‘We simply have to stop promising more when there is no more to give.’
A Google search done by Pulse on a Thursday lunchtime of practices with Klinik systems very quickly identified a dozen that had limited themselves to in work hours, temporarily turned their systems off for lunch, limited online access to the morning only, disabled it until the next day or in two cases turned it off for weeks.
Dr Michael Mullineux, a GP in Maidenhead in Berkshire, said they had turned their e-consult off completely after demand became ‘untenable’.
‘I am of the view that switching systems on and off is unsatisfactory and liable to cause confusion and dissatisfaction amongst our patients.
‘We pointed out clearly at the outset that if we used e-consult, we would replace some of our standard phone and face to face appointments with these because our appointment availability was already well beyond standard recommended safe levels.
‘It rapidly morphed into a monster clogging up our inboxes and the expectations shifted to dealing with these in addition to other appointments, so further stretching well documented finite GP resources.’
He says younger generally healthier patients were using the option as a short cut while often older patients with significant medical problems were missing out.
Where they do use online access it is through clinician-generated invite rather than the absolutely insatiable public demand that current politically driven proposals are set to worsen substantially’.
Dr Rob Barnett, medical secretary of Liverpool LMC said e-consultations have exacerbated an already problematic situation and they have said they will support any practice who turn off their systems when they have reached capacity as many are now doing.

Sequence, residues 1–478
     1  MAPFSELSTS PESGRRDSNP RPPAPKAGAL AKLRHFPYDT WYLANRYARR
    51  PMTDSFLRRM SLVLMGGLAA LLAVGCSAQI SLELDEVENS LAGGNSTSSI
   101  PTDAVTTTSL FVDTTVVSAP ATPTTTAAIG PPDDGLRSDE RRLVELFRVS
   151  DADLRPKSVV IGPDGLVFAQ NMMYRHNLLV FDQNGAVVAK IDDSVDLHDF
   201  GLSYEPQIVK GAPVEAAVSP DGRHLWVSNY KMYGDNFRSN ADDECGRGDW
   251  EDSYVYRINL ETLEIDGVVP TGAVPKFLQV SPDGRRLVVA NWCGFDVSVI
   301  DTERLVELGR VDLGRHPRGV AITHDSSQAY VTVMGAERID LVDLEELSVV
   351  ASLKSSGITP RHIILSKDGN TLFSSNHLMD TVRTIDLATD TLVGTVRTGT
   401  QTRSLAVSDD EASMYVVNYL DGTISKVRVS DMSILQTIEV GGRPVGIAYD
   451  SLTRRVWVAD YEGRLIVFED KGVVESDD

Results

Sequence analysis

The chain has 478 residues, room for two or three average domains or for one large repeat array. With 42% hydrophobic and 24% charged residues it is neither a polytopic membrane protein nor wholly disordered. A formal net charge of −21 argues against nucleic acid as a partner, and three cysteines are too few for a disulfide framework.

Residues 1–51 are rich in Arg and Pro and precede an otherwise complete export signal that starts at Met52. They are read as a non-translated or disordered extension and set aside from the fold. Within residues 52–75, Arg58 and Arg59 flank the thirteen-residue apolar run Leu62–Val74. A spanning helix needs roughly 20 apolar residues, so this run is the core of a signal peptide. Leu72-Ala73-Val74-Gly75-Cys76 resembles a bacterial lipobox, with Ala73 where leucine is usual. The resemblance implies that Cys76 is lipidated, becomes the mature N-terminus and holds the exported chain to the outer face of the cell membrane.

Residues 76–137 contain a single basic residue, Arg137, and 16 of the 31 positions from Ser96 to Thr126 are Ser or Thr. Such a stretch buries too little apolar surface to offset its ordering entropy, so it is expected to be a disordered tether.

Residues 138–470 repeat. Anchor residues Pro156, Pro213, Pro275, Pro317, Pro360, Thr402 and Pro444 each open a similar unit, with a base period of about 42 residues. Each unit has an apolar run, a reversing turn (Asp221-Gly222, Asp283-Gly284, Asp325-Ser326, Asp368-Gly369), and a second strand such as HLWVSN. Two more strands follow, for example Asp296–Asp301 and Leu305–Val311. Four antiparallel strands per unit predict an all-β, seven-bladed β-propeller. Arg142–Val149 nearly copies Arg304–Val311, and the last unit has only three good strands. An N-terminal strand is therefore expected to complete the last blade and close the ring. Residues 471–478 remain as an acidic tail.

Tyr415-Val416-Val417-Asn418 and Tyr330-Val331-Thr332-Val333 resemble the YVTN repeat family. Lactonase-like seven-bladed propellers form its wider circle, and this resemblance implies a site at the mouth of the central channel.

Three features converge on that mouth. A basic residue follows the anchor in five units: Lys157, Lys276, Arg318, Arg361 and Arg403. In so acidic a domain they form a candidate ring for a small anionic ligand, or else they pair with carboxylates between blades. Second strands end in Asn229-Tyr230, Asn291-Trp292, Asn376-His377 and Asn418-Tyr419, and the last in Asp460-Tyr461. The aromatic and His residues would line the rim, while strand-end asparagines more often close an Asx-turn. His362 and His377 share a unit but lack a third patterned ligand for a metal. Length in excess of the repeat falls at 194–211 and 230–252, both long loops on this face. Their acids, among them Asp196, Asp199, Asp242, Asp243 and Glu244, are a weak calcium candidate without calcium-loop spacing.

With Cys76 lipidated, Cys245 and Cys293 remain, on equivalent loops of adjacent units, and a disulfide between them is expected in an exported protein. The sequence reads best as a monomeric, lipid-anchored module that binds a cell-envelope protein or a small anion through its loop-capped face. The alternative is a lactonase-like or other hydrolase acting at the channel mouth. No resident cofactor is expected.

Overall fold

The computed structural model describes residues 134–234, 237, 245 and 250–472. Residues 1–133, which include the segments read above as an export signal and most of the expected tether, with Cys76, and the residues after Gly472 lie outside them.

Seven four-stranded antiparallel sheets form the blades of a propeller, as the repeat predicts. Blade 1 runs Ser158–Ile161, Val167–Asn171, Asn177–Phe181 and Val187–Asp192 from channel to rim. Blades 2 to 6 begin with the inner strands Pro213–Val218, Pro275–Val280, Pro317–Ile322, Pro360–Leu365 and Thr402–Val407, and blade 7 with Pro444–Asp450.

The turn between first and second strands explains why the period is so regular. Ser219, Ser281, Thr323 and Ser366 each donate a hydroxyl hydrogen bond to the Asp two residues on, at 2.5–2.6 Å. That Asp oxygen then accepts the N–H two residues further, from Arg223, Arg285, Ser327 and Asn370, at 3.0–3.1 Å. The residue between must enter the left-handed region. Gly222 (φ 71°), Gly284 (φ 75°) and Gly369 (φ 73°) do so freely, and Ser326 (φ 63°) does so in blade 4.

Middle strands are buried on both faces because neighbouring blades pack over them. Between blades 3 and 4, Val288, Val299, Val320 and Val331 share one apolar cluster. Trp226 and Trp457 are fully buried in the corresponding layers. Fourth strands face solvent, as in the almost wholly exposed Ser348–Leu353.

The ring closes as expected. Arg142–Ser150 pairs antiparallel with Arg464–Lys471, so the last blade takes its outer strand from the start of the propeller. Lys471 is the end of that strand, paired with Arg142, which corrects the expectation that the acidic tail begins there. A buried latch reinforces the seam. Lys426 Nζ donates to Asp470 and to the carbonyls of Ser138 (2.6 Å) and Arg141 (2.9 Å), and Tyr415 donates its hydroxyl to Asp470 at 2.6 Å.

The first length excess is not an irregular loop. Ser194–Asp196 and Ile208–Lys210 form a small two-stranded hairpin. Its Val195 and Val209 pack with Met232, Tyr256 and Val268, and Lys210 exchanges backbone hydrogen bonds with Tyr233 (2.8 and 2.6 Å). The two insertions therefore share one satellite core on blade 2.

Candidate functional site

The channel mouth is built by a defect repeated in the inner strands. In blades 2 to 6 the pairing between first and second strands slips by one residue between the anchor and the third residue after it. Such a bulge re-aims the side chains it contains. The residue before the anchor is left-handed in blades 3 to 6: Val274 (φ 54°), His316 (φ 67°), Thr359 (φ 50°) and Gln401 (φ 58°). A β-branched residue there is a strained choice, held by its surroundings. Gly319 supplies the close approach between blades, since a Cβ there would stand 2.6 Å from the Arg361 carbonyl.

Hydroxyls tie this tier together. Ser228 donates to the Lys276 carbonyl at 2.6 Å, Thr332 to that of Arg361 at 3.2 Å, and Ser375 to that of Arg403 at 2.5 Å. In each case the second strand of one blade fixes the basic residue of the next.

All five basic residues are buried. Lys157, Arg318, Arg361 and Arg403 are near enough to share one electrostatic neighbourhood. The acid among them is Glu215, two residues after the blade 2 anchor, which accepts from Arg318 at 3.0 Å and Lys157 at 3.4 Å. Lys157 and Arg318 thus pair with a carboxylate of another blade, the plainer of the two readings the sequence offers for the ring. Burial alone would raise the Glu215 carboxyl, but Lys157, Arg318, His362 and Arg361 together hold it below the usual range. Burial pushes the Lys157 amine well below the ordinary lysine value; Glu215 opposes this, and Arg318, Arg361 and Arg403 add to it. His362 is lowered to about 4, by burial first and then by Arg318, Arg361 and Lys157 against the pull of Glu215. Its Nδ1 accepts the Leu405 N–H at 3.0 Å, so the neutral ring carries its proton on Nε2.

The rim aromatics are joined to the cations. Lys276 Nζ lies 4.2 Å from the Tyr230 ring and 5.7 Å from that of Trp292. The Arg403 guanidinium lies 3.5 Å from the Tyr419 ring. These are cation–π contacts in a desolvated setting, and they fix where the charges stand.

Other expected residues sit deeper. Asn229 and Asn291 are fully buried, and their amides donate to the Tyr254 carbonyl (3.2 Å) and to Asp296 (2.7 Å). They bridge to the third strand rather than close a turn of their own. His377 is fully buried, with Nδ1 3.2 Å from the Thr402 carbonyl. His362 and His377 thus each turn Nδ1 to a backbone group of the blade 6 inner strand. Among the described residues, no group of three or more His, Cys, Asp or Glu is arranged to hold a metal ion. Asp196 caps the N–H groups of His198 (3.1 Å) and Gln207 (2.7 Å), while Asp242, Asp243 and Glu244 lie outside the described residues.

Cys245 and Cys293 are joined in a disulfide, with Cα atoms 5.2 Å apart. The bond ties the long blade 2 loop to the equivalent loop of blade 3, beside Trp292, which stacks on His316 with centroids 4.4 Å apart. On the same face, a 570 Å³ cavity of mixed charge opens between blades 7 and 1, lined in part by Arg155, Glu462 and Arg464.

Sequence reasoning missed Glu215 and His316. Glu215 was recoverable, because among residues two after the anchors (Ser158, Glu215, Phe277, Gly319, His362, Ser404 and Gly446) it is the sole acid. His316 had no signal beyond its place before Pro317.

In his practice, they were very concerned about safety because people were using e-consultation for urgent things, for young babies and to list five or six problems at once.
‘I’ve heard of situations where a GP has been taken off dealing with face to face to deal with patients online.’
GPs in Cheshire and Merseyside are now seeing a new system rolled out in phases called PATCHS, which was procured by the ICB. That in itself is an adjustment to if you were used to a different system, he notes.
‘There is only a certain amount of work people can do and you’re conning people if you think e-consultation is the way forward.’
NHS England national director for primary care Dr Amanda Doyle, who is leading on the implementation of the GP recovery plan, told HSJ that only 10-15% of GP practices are currently estimated to have implemented digital phone systems; online messaging; and modern triage, response and care navigation.
Meanwhile, 3,000 practices had digital phone systems while 3,500 were still on analogue systems, according to a November 2022 NHS England survey.
What the recovery plan says about online access systems
- To make online requests easy and dependable
- Many practices using online tools find it becomes the preferred route, particularly for working-age adults
- Requests are easier to sort to different members of the practice team and respond to, especially if they combine all requests into a single online tool
- Improved data management
How we will deliver
- Practices already contractually obliged to provide online access but pace of change meant little time to fully assess range of products on offer or implement systems and workflow to support it
- High-quality online consultation, messaging and booking tools to be made available alongside guidance by July
- ICBs to be given tools to review practice websites, identify best practice examples and target areas for improvement
Source: NHS England and DHSC Recovery Plan for General Practice, May 2023